Showing posts with label tomato. Show all posts
Showing posts with label tomato. Show all posts


The Evolution of the Carrot (Harvested from the Garden)

The time to harvest the last of the garden has finally arrived. I have been so patiently, and eagerly, awaiting this! Most of the vegetables have finished by now, of course. As the vegetable garden was planted quite late this year, the carrots, cucumber, the last of the tomatoes, and some lingering kitchen greens and herbs, are still to come.
Carrot Tops
I began pulling the carrots on the weekend, my pair of cucumbers (one, that my daughter immediately ate), and what ripe tomatoes I could find. I wanted to get as much of what was there, in, before the weather turned too harshly. I had to stop after the first bushel of carrots…


Ramblings of a Rabbit

The summer has always been my favorite time of the year, mainly because of the availability of a large variety of fresh fruit, vegetables and herbs. I have so many childhood memories that lie within the rows of a cherry orchard, a stand of apple trees, or stealing the peas from my mother‘s vegetable garden. Then there was the huge, juicy nectarines that would cool even the hottest of summer afternoons...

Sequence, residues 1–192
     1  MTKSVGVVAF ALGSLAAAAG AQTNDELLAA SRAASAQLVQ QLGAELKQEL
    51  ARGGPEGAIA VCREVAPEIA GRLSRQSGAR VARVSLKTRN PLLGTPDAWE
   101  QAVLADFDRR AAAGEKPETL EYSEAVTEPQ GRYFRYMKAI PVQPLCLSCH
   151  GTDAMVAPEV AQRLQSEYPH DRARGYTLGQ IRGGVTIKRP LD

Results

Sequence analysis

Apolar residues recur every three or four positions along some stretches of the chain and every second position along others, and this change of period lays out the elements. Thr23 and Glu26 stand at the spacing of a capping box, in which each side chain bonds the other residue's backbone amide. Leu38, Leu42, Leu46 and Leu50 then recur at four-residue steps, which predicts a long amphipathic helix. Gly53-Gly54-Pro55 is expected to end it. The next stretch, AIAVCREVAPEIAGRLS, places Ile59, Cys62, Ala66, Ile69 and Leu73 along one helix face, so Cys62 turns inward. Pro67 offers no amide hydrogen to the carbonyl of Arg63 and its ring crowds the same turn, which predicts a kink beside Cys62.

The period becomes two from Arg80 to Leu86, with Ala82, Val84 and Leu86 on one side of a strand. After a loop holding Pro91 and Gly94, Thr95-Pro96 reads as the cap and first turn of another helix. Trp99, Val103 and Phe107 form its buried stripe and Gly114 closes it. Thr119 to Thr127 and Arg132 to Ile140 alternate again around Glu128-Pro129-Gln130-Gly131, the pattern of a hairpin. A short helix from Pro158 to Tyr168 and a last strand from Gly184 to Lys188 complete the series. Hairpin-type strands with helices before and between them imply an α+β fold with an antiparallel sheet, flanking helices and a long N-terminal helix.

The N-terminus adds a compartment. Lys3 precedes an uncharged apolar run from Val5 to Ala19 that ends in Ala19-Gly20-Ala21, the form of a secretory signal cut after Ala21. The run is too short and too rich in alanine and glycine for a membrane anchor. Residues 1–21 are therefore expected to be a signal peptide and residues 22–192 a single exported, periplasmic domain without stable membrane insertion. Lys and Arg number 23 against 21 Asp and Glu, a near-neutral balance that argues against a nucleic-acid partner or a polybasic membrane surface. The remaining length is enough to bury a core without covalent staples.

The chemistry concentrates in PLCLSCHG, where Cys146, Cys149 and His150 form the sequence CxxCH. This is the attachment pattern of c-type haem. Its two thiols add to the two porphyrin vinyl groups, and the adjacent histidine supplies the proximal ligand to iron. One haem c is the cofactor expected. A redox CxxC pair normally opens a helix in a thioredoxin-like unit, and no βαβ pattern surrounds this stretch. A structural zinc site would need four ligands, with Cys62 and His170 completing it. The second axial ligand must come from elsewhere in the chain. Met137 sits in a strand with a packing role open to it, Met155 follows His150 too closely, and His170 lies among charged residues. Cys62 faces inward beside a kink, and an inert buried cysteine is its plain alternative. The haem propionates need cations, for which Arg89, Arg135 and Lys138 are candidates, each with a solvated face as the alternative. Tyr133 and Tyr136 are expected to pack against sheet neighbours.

Growing up in an area of the world with a lengthy growing season and a desirable climate, fruit farms and ground crops used to be found lining the roads, filling the fields and trailing up terraced mountainsides. Today, vineyards and housing developments take the place of many of these areas. Today, much of the fruit and vegetables that arrive in our grocery stores and markets are imported, from other countries. Of course, there are certain necessary fruits and veggies that can only be grown in specific areas. Importing these products makes sense.

Coming from an area as I have though, I find it rather disappointing to be buying imported produce knowing plain well, that most of it grows very well right here. Sure, it is really not that big of a deal. Why does it matter where the stuff’s grown? A potato is a potato, a tomato is a tomato, why does it matter? Well, for me it does. When so many live in areas where produce is not readily available and has to be imported in, it does not make any sense for those in areas that can grow their own, to be as well.

This is what has lead me to working with nature and towards a more localized, greener future for myself. I like knowing where my food comes from.